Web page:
Cuba, its Cars and Its People
I have always been curious about Cuba. My father lived there during the 1940s, a very glamorous time, and always spoke of Cuba as a place akin to paradise.
So I was thrilled when, at last I was able to go see Cuba for myself. And I am pretty sure that the place I saw was very much the place my father saw, almost 80 years ago, because it has been preserved, like an insect in amber. Its buildings are stunning, but often literally decrepit. Not the Royal Opera House, where prima ballerina assoluta Alicia Alonso still reigns and which remains glorious. Soon, not El Capitolo, a replica of our Capitol, now under renovation. Not completely, the National Hotel, where one feels elegant ghosts roaming the halls. But the places where people actually live are often beautiful wrecks. They make the best of them, opening private restaurants called paladars, some of which are excellent. But the people should be able to live better in 2017.
The fabled cars of Cuba are fantastic. Fabulous neons, sleek lines, no seat belts. And they run sweetly. I was told, and believe, that Cuban car mechanics are the best on earth. But these cars belong in a museum. Or at least with other more up to date American cars.
The island is gorgeous--green and lush, surrounded by the bluest skies and waters. You can almost stand on tiptoe and see Miami from El Malacon, the waterfront. But you can't see many boats. As someone remarked, boats are complicated in Cuba. So fish is hard to come by.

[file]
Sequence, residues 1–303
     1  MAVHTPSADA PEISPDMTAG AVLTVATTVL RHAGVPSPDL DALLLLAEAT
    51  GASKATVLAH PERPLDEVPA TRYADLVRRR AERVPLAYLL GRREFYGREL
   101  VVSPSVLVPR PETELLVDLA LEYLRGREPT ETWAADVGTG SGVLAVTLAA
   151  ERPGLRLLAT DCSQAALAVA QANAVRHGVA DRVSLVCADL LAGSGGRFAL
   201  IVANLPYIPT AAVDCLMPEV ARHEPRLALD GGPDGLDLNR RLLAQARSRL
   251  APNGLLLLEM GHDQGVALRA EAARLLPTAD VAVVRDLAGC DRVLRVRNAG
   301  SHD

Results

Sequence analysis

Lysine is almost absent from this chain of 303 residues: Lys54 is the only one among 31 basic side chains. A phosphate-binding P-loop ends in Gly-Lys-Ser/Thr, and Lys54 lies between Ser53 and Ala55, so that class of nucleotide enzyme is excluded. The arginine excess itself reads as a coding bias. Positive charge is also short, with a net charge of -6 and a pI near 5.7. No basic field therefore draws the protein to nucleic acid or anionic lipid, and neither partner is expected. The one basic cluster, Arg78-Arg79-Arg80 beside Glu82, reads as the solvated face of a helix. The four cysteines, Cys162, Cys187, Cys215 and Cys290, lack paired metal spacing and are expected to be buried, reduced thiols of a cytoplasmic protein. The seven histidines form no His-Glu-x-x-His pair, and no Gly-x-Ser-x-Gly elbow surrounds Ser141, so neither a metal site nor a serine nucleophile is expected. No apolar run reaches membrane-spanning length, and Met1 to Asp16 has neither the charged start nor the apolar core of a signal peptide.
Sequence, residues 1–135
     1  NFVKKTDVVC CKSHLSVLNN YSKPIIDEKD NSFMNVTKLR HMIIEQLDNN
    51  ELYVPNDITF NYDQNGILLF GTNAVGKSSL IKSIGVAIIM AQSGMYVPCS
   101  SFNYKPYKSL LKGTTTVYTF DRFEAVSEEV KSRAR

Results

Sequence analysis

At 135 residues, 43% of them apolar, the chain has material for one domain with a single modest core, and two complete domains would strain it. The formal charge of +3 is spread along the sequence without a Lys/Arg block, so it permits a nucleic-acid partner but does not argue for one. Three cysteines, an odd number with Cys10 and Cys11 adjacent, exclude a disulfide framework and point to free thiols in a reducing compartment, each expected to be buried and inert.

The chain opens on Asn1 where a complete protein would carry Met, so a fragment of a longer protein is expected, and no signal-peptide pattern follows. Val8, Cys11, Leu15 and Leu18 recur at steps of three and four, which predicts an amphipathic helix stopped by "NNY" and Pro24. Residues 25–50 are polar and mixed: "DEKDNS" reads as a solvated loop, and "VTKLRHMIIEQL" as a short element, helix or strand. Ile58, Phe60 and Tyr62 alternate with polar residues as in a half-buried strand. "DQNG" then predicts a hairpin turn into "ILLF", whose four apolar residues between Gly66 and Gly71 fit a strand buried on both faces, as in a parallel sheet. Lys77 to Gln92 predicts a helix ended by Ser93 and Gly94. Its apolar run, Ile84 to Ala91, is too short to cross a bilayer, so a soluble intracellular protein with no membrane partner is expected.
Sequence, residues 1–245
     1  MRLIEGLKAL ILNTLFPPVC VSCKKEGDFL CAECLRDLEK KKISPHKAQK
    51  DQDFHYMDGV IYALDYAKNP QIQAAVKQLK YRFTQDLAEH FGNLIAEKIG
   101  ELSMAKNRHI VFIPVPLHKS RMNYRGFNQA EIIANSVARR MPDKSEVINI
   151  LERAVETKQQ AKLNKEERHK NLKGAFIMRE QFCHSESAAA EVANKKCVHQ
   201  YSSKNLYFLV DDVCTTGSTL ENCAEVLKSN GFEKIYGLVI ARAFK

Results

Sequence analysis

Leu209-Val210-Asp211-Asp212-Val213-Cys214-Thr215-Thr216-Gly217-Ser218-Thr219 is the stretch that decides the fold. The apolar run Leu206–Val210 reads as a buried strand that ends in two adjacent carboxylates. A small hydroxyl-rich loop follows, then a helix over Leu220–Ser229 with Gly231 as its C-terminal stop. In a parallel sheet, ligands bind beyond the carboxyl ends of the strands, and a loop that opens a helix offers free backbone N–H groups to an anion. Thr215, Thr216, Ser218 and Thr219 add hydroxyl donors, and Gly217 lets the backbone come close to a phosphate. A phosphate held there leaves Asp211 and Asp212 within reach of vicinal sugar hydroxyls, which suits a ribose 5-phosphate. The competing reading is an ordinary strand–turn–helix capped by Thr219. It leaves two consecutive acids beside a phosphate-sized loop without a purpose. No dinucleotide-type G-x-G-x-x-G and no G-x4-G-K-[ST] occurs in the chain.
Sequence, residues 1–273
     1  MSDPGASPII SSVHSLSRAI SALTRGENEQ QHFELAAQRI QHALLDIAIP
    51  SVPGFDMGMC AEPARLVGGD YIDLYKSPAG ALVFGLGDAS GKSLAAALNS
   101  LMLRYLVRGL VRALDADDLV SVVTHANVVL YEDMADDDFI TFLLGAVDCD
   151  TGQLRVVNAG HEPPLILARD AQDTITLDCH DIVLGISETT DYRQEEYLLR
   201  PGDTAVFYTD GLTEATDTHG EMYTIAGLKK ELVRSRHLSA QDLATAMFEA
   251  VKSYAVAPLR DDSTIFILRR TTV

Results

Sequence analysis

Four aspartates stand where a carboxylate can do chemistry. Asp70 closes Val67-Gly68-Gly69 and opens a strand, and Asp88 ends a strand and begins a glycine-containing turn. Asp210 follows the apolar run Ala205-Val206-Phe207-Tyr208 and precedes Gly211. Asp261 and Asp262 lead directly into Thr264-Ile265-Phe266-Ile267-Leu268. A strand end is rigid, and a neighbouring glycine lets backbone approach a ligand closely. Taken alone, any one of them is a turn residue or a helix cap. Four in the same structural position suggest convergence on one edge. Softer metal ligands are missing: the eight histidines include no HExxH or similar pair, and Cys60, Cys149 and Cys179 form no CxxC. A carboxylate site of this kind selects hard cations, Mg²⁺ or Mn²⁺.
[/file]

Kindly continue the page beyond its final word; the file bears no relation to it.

I really enjoyed the people I met. Smart, fun, entrepreneurial, really interested and well versed in American culture. People frustrated by being stuck in a time defined by Castro's takeover and the Cuban Missile Crisis, when their decrepit buildings and beautiful cars were new. People who want to live in the twenty first century, who stand in long lines and pay a material portion of their monthly wages to access the internet. This Wired article says it better than I can.
The time is coming when keeping these people in thrall to politics will end. For one thing, Russians, Chinese, and Europeans are rushing in. But why let them have Cuba to themselves? Especially since Cuba is forty five minutes away?
Let's preserve the cars in a museum. Cuba's people belong with us, in the living world. But whatever you think, go visit. A splendid experience.